The Baltimore Police Department is staffed by nearly 4000 civilian and sworn personnel. These include dispatchers, crime lab technicians, chaplains and unarmed auxiliary police officers. During Martin O'Malley's administration as mayor, the department had become 43% African American.[20]

In 2003, the FBI identified irregularities in the number of rapes reported, which was confirmed by then-Mayor Martin O'Malley. The number of homicides in 2005 appeared to exhibit discrepancies as well.[21] Former police commissioner Kevin P. Clark stated upon interview that the administration suppressed corrections to its crime reports;[22] however, many of the charges made by the police commissioner now appear to have been politically motivated.[23] The veracity of crime statistics reported by the Baltimore Police Department once again came under scrutiny in 2006, this time from Maryland legislators.[24]

See also

Criminal events:


Organized Crime

Cultural aspects of crime:


State & country:


  1. "FBI".
  2. "Baltimore Sees Lowest Homicide Count Since 1978". WJZ-TV. January 1, 2012. Retrieved March 19, 2015.
  3. "Baltimore has fewer than 200 killings for first time in decades". The Baltimore Sun. January 1, 2012. Retrieved March 19, 2015.
  4. "46 slayings in 41 days push homicide rate up". The Baltimore Sun. November 11, 1994. Retrieved March 19, 2015.
  5. "Baltimore Sees Lowest Homicide Count Since 1978". WJZ-TV. January 1, 2012. Retrieved March 19, 2015.
  6. "Baltimore Passes Curfew For Youth". Retrieved March 19, 2015.
  7. "Baltimore Marks 200th Homicide Of 2013". The Huffington Post. November 7, 2013. Retrieved March 19, 2015.
  8. "Baltimore's jump in homicides in 2013 defies national trends". Baltimore Brew. January 2, 2014. Retrieved March 19, 2015.
  9. "New FBI statistics: Baltimore No. 5 in murder rate". The Baltimore Sun. November 10, 2014. Retrieved March 19, 2015.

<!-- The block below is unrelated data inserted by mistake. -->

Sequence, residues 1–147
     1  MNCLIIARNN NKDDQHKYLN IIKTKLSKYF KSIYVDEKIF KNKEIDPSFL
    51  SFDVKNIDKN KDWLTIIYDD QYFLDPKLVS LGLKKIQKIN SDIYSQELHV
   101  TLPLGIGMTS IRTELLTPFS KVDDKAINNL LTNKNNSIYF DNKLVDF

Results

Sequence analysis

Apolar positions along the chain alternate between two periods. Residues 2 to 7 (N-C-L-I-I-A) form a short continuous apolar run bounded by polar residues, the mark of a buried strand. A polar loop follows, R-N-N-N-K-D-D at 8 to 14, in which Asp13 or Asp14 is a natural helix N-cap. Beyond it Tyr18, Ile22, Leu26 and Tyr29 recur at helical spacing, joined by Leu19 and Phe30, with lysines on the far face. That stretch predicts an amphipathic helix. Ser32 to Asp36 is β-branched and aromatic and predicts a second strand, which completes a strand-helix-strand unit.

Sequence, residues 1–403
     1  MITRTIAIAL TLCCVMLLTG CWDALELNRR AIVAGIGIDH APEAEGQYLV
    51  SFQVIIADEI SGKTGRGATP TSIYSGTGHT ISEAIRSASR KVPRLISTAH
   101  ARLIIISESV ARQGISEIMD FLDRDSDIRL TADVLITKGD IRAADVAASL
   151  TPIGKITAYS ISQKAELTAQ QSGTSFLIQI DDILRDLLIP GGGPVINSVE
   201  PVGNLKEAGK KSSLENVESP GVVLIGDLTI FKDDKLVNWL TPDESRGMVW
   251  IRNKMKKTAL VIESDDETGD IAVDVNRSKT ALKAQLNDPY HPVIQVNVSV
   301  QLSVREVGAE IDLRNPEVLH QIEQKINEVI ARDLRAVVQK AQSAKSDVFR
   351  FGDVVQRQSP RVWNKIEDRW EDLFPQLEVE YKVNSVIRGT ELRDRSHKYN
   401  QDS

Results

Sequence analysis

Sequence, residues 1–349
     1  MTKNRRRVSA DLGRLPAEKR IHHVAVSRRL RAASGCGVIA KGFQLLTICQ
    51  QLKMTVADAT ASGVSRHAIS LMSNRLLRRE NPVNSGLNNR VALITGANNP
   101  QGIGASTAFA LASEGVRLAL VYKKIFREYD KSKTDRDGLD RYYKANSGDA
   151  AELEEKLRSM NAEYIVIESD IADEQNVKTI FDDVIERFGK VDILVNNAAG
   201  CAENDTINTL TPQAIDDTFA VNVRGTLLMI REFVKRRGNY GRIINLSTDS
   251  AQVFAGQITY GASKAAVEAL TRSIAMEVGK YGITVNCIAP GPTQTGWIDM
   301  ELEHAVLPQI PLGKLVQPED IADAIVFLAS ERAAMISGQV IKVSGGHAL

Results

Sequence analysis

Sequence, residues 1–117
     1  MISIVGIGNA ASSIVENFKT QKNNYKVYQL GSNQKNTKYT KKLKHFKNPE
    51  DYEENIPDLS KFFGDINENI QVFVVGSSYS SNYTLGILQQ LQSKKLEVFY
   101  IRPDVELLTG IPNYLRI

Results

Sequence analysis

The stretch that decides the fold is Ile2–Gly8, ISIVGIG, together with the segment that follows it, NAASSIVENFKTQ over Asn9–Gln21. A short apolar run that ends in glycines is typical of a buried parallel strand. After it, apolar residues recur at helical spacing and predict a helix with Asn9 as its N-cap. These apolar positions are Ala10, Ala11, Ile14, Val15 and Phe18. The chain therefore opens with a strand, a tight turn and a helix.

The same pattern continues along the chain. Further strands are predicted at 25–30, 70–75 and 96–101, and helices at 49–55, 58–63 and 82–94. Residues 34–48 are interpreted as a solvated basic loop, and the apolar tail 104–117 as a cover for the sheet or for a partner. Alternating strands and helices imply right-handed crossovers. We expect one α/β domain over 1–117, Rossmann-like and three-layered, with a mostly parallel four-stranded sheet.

11. "Baltimore records 211th homicide, equaling total for 2014". The Baltimore Sun. August 19, 2015.
  12. "Baltimore Mayor Rawlings-Blake fires Police Commissioner Anthony W. Batts". The Baltimore Sun. July 10, 2015.
  13. "Federal agents to embed with Baltimore homicide cops to quell unprecedented violence". The Baltimore Sun. August 2, 2015.
  14. "Per capita, Baltimore reaches its highest ever homicide rate". The Baltimore Sun. November 17, 2015.
  15. "Estimated crime in 2009". FBI Uniform Crime Reporting. Archived from the original on April 27, 2011. Retrieved March 20, 2011.
  16. Nick Madigan (June 11, 2008). "Outrage mingled with fear: Community responds after children, 2 and 3, are shot". The Baltimore Sun.
  17. "Sandtown-Winchester". Live in Baltimore. Retrieved June 28, 2012.
  18. "Wickham: Focus on Freddie Gray's neighborhood". Retrieved November 23, 2015.
  19. Gus G. Sentementes and Annie Linskey (April 15, 2007). "Gang problem hemorrhaging". The Baltimore Sun.
  20. "Black police officers claim discrimination within Baltimore department". , The Seattle Times (December 7, 2006)
  21. "Homicide Rate, Police Procedures Questioned"., WBAL-TV (February 14, 2006)
  22. "Ex-Commish Raised Questions During Tenure"., WBAL-TV (February 22, 2006)
  23. John Wagner and Tim Craig, Wagner, John; Craig, Tim (February 14, 2006). "Duncan Rebukes O'Malley Over Crime". The Washington Post. Retrieved April 26, 2010., Washington Post (February 14, 2006)
  24. "State Lawmaker Calls For Investigation Into Police"., WBAL-TV (February 14, 2006)
  25. The Black Guerrilla Family turned Baltimore's jail into a 'stronghold,' investigators say
  26. 1 2 Baltimore’s Bloods, Crips, BGF Gangs Explain Their Truce Throughout Freddie Gray Protests

External links